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Tradition should embrace modernity

Kabaka Mutebi and baby son, Richard Ssemakookiro.

Kabaka Mutebi and baby son, Richard Ssemakookiro.

Life can be a puzzle sometimes. I mean in 1999, I almost made my dad insane as I demanded that he made sure electricity did not chuck while the royal wedding was being aired.

Together with millions of other people, we witnessed the lavish do as Buganda embraced the new Queen. And I must say, with an exposed king, queen, church do, I imagined that tradition had been pimped up to match up with modernity.

Evidently I was dreaming! Because the shocking news about the little prince made slumber land too uncomfortable a place for me to stay for I woke up to reality. Eeeh! But I think these men have taken it upon themselves to shock society on a daily basis. But anyway, if one can fail to click some men’s acts when they are not protected by solid rules, what is the worst that one can expect when there are rules to protect and avail leeway to everything that we might all abhor?

Now this is the point where I do not understand society and how they choose to direct their excitement. One minute, it (society) is excited over acquiring a queen. Then the next minute, it is a prince from another lady, who is not their queen but they are too excited to ignore the implication of all this!

While it is crystal clear to me that culture permits the King to have as many wives and children hence there being nothing wrong with what happened, it should be put to consideration that we live in a modern world where women are respected. The queen has held a reputable position where she is both a role model to many and a lady of substance. And above all, facts are facts hence when one embraces two worlds, attention should be put to which approach suits any prevailing situation the most.

Like in this case, for example, while those who uphold cultural behaviour might be exhilarated by this move, sugar coating the term “infidelity” with cultural descriptions might neither be amusing to the church nor the Christians.

And putting both worlds in mind, I think the position of the Queen should not be belittled on such an open platform. In any case, the child should also be protected from all the public responses because it is an innocent being.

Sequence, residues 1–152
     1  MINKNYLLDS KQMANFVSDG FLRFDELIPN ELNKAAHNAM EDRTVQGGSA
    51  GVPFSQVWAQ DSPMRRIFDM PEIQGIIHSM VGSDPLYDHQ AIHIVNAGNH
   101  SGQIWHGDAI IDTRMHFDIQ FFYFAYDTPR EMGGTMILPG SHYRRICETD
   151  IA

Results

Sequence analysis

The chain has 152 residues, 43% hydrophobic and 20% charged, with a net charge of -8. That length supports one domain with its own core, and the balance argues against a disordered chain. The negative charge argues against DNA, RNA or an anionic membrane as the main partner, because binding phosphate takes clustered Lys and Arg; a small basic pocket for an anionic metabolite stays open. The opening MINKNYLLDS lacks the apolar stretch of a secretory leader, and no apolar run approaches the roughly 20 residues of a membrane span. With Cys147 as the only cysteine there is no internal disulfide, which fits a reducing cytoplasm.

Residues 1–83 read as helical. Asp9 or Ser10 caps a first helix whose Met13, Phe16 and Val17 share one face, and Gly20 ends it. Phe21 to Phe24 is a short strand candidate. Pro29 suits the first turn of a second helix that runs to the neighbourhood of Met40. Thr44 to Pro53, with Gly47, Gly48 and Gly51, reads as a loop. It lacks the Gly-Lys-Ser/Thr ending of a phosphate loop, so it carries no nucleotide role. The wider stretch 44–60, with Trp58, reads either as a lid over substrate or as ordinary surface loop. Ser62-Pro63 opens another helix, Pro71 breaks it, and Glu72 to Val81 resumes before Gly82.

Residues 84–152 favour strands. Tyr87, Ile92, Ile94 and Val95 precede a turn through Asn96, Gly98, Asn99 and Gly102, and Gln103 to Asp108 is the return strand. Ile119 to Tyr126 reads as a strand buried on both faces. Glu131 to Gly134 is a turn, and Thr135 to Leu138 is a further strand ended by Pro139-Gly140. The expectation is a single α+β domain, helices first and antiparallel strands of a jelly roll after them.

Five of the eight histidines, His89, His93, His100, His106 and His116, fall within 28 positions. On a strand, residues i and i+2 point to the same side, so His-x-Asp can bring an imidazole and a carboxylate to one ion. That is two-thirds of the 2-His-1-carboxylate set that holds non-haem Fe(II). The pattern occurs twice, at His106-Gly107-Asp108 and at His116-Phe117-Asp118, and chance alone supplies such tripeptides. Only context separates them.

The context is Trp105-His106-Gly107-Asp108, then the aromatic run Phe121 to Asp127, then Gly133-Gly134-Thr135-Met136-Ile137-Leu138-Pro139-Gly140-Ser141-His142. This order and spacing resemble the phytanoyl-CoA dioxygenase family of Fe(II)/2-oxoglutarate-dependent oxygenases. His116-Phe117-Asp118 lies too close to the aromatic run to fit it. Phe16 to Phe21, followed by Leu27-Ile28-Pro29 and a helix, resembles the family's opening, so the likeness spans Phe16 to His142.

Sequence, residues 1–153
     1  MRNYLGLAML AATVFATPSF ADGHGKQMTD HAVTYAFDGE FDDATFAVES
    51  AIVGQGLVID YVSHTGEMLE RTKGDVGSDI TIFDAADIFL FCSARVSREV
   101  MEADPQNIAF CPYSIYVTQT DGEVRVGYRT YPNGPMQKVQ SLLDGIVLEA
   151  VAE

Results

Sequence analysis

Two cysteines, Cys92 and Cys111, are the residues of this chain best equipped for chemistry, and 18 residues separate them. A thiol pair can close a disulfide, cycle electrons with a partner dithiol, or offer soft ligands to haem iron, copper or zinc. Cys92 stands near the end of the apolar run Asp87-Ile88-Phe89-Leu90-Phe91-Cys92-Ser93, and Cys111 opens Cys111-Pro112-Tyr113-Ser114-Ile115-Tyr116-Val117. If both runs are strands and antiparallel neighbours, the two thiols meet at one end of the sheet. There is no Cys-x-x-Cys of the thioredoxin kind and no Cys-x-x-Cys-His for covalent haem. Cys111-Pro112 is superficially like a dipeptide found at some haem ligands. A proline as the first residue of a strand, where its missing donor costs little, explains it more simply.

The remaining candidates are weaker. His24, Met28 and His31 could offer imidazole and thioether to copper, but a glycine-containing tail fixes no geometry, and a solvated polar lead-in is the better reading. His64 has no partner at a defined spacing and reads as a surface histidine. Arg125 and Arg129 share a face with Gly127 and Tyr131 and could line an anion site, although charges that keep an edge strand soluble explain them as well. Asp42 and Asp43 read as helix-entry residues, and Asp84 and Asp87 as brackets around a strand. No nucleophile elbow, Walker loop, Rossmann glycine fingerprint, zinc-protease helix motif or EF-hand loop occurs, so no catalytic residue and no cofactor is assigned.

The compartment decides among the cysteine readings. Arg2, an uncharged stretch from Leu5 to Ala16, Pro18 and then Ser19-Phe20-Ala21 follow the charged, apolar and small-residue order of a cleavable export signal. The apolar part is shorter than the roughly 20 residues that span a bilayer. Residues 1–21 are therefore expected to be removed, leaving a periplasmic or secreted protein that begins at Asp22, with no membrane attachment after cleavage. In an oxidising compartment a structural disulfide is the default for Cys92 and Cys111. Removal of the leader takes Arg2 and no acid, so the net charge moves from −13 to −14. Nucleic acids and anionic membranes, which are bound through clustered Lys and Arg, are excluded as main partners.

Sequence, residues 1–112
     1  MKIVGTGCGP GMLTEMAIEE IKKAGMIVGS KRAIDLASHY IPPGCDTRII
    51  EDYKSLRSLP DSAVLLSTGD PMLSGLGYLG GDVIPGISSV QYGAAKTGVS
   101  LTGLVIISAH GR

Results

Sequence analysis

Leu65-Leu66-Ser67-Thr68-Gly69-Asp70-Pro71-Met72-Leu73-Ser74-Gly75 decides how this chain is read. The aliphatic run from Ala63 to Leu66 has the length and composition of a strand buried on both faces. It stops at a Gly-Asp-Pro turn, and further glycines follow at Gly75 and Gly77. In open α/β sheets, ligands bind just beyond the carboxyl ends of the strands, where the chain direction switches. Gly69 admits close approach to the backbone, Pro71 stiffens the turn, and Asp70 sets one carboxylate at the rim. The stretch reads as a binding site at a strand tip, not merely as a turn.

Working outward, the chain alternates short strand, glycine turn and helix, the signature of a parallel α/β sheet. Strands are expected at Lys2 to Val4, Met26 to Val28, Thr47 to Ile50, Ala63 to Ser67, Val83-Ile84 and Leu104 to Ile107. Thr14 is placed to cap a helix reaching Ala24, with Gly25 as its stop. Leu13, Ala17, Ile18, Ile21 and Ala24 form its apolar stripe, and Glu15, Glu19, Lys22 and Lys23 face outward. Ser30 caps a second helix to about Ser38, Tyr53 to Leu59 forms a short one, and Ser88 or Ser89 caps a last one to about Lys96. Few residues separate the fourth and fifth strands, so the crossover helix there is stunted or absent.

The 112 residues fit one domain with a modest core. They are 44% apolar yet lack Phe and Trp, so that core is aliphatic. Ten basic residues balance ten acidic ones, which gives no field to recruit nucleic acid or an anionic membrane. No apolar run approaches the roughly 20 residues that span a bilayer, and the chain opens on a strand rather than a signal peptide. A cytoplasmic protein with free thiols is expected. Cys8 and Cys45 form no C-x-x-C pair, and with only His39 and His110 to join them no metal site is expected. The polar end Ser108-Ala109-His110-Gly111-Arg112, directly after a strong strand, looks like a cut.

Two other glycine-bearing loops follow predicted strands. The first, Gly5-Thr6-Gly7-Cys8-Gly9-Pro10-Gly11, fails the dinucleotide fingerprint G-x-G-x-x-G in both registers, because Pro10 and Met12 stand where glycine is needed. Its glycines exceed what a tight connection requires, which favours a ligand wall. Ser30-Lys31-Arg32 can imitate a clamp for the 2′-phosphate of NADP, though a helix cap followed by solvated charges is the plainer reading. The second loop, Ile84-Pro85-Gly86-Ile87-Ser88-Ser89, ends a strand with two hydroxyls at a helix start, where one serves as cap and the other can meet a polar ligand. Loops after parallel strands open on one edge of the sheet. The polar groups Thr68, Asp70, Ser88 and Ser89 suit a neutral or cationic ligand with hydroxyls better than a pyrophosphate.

Above all, the coronation is not going to take place a month later so was it so hard to have the matter handled internally minus exposing off all the dirty linen for public scrutiny?

It might be true that the kingdom had demanded for a prince, and depending on various grounds, he was availed. So if all are regarded as children, what is the whole point of getting excited as if the other children do not have the same blood flowing in their veins? Okay, maybe he is special, but now that it has all been achieved, can we take this to a selfless, sensitive angle because this is not all about one person?

I guess this is proof that human beings can be very good hypocrites.
At one point, they were all for the Queen, and the next, all the excitement, attention has been channelled to the prince and mum. I wonder what will happen if the Queen too gives birth to a boy at a certain point.
I actually admire how well the Queen of Buganda has managed this issue so far. And I shall forever admire the virtuous woman that she is.

And since the damage has already been done, I do not expect us all to cry over spilt milk especially when the majority may not even realise that it has been spilt all over the floor already! So, as we await to meet our co-wife (nanti literally, we are all wives to the Kabaka), I hope that society, especially the men will at one point get selfless, sensitive and think hard before they arrive to certain decisions. Seriously, it should not be too hard an exercise!

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